“The main challenges have been in the creation of resources with which to assess students, that allow the collection of full information, by using new platforms, which are engaging, but at the same time facilitate the revision or that give reports of students’ attainment. The lack of time is still a very present problem.”

As has been stated, Chilean teachers have a historical work overload that makes it almost impossible to teach in the right conditions; the lack of time is a transversal theme. During teacher interviews that Tamara conducted online in July, time appears a crucial axis for several issues. Time influences teachers’ decisions about assessment methods. In this line, it was a determinant sphere in the decisions made associated with the use of tests and standardised test formats; a formative assessment that becomes summative. These curricular and assessment dilemmas are an expression of the teachers’ desires, which collide with the demands of the system, the lack of student feedback, the overreliance on grades and numbers, and the lack of reflection on students’ attainment. It generates the conditions for configuring a scenario of teachers’ and students’ reticence to embrace changes. In the meantime, at one moment, the country exhibited some of the worst rate of infection per inhabitants and high fatalities percentage in the capital city (June 2020, OECD). Therefore, the health system collapsed.

Ambulances waited up to 12 hours with COVID-19 patients outside a collapsed hospital in the south of the capital, in the cold winter weather and without any food or drinks.

III. Open analysis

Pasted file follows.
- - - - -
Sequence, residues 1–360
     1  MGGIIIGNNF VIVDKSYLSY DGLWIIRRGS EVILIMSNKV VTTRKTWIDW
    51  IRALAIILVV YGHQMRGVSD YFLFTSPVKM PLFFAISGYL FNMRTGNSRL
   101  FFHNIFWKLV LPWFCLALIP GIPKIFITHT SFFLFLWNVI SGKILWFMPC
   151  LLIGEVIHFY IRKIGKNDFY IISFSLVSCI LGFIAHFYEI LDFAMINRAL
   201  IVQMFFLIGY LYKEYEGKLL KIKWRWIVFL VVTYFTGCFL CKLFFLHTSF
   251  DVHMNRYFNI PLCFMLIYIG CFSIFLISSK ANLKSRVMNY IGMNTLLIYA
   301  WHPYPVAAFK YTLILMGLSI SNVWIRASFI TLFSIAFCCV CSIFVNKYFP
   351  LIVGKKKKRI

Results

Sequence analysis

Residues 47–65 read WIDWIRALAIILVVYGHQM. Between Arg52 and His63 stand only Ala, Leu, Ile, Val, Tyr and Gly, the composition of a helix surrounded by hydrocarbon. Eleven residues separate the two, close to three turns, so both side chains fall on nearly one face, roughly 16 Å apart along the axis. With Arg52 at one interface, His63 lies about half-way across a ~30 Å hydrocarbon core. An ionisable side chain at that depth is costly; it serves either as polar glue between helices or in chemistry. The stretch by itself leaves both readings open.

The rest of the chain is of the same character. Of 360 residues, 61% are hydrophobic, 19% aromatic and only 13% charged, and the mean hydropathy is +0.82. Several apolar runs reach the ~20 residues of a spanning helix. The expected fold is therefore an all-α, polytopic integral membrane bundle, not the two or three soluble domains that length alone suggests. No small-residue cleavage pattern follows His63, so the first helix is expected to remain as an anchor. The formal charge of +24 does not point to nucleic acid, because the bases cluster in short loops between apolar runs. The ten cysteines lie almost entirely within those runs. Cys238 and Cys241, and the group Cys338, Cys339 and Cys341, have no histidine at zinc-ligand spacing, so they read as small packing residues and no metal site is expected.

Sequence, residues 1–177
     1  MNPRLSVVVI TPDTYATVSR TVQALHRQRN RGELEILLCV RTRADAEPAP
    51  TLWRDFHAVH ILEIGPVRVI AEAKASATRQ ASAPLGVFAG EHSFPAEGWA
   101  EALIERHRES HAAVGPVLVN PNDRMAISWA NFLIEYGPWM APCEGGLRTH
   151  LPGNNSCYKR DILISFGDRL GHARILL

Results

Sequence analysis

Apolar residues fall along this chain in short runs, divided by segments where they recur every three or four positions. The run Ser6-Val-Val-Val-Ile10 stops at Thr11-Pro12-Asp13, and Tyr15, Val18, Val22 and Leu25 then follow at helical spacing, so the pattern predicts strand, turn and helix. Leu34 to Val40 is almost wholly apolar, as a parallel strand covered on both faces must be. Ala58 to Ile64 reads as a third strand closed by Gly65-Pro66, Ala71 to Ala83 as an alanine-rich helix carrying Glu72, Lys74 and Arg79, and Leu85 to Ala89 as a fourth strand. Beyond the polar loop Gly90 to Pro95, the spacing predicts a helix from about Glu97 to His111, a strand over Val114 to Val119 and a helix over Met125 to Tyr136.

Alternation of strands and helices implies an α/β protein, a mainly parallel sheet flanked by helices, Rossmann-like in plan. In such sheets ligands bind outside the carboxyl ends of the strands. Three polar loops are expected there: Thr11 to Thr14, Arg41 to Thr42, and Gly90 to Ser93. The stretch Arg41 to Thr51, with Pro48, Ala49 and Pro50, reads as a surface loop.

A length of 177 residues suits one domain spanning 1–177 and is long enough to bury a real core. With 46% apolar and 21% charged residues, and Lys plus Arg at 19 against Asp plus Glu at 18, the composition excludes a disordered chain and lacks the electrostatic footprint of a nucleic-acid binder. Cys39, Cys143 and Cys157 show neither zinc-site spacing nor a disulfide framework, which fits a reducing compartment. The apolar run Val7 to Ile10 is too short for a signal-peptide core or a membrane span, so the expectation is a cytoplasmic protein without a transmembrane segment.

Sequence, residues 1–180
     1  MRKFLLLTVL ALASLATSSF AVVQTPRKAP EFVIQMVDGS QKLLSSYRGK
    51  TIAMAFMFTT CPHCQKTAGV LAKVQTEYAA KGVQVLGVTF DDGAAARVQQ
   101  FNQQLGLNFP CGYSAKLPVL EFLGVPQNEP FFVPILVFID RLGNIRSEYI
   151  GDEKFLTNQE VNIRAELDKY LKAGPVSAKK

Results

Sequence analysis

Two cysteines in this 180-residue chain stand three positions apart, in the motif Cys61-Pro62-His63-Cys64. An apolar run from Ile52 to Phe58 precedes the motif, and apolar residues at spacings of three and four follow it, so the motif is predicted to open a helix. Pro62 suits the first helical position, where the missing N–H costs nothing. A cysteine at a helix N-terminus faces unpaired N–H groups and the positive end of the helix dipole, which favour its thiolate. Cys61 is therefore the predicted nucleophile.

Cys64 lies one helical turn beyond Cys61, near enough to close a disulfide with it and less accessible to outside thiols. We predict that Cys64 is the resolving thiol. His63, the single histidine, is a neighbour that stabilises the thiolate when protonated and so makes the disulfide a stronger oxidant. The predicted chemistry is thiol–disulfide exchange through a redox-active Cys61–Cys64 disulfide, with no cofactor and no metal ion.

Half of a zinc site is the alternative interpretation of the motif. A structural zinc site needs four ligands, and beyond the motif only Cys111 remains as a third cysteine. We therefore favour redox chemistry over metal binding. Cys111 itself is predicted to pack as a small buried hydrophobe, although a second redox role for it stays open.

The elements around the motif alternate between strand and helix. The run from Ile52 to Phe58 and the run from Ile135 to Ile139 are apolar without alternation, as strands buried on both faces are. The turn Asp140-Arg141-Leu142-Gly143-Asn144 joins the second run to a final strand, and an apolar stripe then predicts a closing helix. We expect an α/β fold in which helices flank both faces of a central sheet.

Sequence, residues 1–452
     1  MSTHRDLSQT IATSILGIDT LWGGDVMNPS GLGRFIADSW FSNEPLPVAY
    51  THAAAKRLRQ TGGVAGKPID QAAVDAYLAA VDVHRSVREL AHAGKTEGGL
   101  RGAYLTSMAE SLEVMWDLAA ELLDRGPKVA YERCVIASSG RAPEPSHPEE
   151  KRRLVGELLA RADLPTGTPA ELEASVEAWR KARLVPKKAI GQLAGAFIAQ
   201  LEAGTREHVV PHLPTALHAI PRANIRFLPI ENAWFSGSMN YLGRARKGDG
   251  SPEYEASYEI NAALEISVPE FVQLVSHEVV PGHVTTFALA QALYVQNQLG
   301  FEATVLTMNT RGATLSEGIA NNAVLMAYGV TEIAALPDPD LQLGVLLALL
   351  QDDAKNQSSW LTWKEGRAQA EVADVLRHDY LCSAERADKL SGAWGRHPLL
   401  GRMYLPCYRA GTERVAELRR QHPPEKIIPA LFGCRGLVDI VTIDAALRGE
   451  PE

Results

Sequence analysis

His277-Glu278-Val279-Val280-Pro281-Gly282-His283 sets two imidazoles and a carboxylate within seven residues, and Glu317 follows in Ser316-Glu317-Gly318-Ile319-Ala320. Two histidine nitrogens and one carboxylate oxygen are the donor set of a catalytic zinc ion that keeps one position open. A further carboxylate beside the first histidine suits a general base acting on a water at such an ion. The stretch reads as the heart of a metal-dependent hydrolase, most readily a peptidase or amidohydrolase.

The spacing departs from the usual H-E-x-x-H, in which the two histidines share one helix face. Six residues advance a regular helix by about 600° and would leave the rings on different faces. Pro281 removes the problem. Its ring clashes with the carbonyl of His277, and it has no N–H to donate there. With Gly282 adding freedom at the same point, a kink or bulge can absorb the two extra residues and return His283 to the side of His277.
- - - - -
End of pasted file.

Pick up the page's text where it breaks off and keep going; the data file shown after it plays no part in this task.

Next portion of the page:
The full analysis of what we have set out cannot yet be satisfactorily concluded. We have been in permanent contact with former teaching colleagues on the ground who are facing this unprecedented situation on a daily basis in the country. They have been doing teaching online for seven months now. The precarious context that Chilean teachers have faced for decades has been exacerbated by the health crisis and the intensified work under emergency conditions. Teachers have reported and felt a lack of support and even absolute abandonment from the educational authorities and employees. The ongoing situation in Chile; in the political sphere, along with the upcoming election for changing the constitution at the end of October, forced by social mobilisations; the ongoing demonstrations which have maintained the momentum from the social uprising; the opposition of the Teachers’ Union to returning to the classroom; configure a scenario which remains open for further reflections. However, we suggest that the historicity of dismantling public institution as part of the neoliberal privatising processes has generated a situation that we, at least, could characterise as incompatible with dealing with a humanitarian crisis of this magnitude. It invites us to think about the challenges of education in aspects such as the curricula of the teacher training; the support that teachers and students require undertaking online teaching and learning. Elements such as the technological imbalance of Internet access within a deeply uneven society; the lack of technical support at the national scale and also the constant tendency toward imposing the Western paradigm with scant regard for the reality and specificities of firstly Chile and secondly the various Chiles, a pluriversality, which have unveiled from the aforementioned might also be reviewed.